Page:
“Artemis Fowl” is slapdash, snoozy, and stuck in the early 2000s

Artemis Fowl Nonso Anozie, Lara McDonnell, Josh Gad, and Ferdia Shaw in Artemis Fowl. (Disney)

The adaptation of the first in Eoin Colfer’s series is alarmingly messy for a project that’s been in the works for almost two decades.

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Released in 2001, Eoin Colfer’s novel Artemis Fowl immediately caught studios’ attention. Miramax was in the mix to make a movie, but alas, that didn’t happen. Instead, it sat in development hell for over a decade, with seven more books in the series coming out in the interim. A slew of supplementary material rounded out the edges for fans. The Harry Potter series tied itself up; the Hobbit trilogy came and went. So just where is this adaptation now?

Well, despite it now being 2020, it seems to still be stuck somewhere in the early aughts. No, it isn’t because of the elves, and no, it isn’t because of the fairies. You know what it’s more due to instead? Uncannily saturated CGI vistas populated by precocious characters, that’s what! And despite what Disney originally intended as a theatrical release, this $125 million production has been all-too fittingly moved over to streaming on Disney+ due to the coronavirus pandemic.

Perhaps that’s for the better. This isn’t the sort of thing that many would particularly enjoy seeing in a theater, much less enjoy shelling out a few stacks of cash in order to bring the whole family along. And the reason is simple: it’s incoherent. On one hand, there’s the wall-to-wall exposition in which everyone speaks. On the other hand, there’s the story these poor characters try to push forward, explaining each world and plot detail so bluntly that it holds the audience farther away than were the film to not even explain anything at all.

The tale begins with a crowd of reporters buzzing around the Fowl Manor, where Artemis Fowl I (Colin Farrell) has been linked to a swath of stolen relics. There, a Hagrid cosplayer doing a Batman voice—ahem—an oversized dwarf named Mulch Diggums (Josh Gad) gets arrested. It’s from his interrogation room that he briefs the viewer on child prodigy Artemis Fowl II (Ferdia Shaw). Chess, architecture, goat cloning—he can do it all. Hopefully can also find Dad, who’s now gone missing at the hands of some shady mythical creatures.

But once the plot kicks into gear, the movie kicks its audience out of the way. For every new character, realm, or backstory, there are more and more minutes of thinly veiled explanations. Conor McPherson and Hamish McColl’s script never has any weight. It’s a basic story that’s overstuffed, compounded, and stretched back out, and by the time it reaches the screen, almost all of Artemis Fowl seems to have been chewed to a pulp.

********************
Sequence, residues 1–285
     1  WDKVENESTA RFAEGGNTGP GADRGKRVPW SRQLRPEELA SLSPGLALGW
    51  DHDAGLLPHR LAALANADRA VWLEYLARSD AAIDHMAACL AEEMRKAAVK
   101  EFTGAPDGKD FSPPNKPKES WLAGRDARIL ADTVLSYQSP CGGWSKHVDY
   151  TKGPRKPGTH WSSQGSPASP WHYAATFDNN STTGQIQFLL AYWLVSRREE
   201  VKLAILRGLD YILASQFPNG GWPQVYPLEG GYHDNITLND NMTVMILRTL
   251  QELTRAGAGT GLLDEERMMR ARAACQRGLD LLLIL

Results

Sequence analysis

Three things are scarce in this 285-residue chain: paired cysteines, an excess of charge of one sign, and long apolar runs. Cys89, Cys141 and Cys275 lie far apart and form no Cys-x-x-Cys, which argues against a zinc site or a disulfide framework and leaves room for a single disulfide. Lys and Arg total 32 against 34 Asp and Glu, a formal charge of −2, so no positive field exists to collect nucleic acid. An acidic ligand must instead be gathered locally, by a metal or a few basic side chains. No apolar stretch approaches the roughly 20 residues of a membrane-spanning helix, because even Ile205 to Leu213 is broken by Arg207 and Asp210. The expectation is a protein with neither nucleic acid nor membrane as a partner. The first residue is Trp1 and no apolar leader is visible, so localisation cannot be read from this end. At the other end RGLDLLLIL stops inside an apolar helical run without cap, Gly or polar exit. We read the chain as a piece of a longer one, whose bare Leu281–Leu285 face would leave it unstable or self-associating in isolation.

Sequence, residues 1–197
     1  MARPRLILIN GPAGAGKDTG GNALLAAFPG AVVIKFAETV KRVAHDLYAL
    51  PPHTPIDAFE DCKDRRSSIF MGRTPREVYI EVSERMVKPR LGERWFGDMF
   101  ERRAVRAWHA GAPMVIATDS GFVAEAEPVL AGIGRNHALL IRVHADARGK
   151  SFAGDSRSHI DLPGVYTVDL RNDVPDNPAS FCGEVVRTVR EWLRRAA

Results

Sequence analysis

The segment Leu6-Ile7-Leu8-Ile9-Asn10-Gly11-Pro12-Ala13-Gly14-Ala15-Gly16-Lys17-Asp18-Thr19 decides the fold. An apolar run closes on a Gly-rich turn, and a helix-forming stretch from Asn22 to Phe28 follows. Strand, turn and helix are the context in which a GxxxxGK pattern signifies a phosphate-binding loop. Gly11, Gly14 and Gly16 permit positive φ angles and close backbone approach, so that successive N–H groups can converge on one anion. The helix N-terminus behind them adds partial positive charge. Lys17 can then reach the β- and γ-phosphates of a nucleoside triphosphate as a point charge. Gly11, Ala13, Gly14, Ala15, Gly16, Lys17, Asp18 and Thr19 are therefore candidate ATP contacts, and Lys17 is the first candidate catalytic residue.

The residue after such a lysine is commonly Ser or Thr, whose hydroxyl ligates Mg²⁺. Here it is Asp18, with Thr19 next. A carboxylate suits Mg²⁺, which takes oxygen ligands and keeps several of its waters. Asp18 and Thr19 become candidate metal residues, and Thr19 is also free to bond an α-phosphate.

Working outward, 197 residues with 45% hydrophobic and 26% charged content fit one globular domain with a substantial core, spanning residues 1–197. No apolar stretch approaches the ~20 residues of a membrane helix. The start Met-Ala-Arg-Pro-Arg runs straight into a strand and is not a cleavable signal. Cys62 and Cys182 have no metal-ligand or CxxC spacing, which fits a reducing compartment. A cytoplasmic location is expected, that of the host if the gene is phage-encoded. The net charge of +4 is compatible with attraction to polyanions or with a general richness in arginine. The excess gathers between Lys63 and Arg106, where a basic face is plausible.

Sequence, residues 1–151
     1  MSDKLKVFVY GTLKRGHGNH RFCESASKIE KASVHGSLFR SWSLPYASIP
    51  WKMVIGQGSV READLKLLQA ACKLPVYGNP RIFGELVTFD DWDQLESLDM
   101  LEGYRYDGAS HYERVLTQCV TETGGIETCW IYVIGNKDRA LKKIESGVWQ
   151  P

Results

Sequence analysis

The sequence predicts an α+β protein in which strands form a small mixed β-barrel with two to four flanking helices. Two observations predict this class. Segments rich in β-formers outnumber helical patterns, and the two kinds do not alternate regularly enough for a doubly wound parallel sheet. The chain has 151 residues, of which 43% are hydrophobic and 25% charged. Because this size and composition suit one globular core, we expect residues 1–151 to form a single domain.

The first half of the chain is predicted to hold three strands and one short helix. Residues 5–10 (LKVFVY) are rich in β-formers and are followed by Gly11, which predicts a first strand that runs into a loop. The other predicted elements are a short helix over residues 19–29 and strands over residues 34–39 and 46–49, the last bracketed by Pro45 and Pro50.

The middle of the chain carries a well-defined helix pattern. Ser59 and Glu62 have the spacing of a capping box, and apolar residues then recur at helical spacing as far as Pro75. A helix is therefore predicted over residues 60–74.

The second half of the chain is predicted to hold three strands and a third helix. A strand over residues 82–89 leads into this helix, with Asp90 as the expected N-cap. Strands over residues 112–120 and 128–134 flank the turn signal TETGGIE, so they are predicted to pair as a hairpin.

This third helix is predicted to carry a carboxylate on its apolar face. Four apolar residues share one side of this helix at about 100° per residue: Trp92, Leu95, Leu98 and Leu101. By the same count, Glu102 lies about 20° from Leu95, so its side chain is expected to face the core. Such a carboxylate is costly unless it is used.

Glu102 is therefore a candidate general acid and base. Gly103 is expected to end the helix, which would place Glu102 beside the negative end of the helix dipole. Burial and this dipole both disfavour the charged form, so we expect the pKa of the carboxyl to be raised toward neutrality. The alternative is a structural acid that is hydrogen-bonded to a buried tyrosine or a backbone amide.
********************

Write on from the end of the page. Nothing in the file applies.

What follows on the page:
The secret realm of fairies under the earth’s surface? There’s surprisingly little there. The fairies’ commander, Julius Root (Judi Dench)? There’s nothing to her, aside from a truly bizarre vocal performance. And the tech advisor who happens to be a centaur (Nikesh Patel)? He’s simply another reminder of the whackadoo tone Artemis Fowl never understanding about itself, and unfortunately, every other character just further hurts what little focus the movie had to begin with. In the event that something does stick out—like, say, the goblin enemies in hoodies and gold chains—it’s misguided to say the least.

[Branagh is] on autopilot and swallowed by the studio machine here, his final product with nothing resembling a true or coherent vision.

Maybe a more inspired director would liven things up a bit. Instead, Disney brought Kenneth Branagh into the mix after his efforts on the MCU’s first Thor movie and 2015’s live-action Cinderella. The issue, though, isn’t that Branagh is a particularly bad director; he’s serviceable on a good day. It’s that he’s both on autopilot and swallowed by the studio machine here, his final product with nothing resembling a true or coherent vision. He and cinematographer Haris Zambarloukos cake each setting in saturated CG colors, and while this could have heightened the world, it just presents it as tacky and artificial.

One unfamiliar with Colfer’s source material is unlikely to have much if anything to hold on to. Hell, this thing is less than 89 minutes excluding credits, and it’s still a pretty tough sit. That said, it’s even tougher to imagine just how disappointed Fowl fans will be. This movie originally meant to launch a franchise after almost two decades. Suffice it to say that’s unlikely to happen here, and maybe that’s for the best.

Artemis Fowl is now streaming on Disney+.

Artemis Fowl Trailer:

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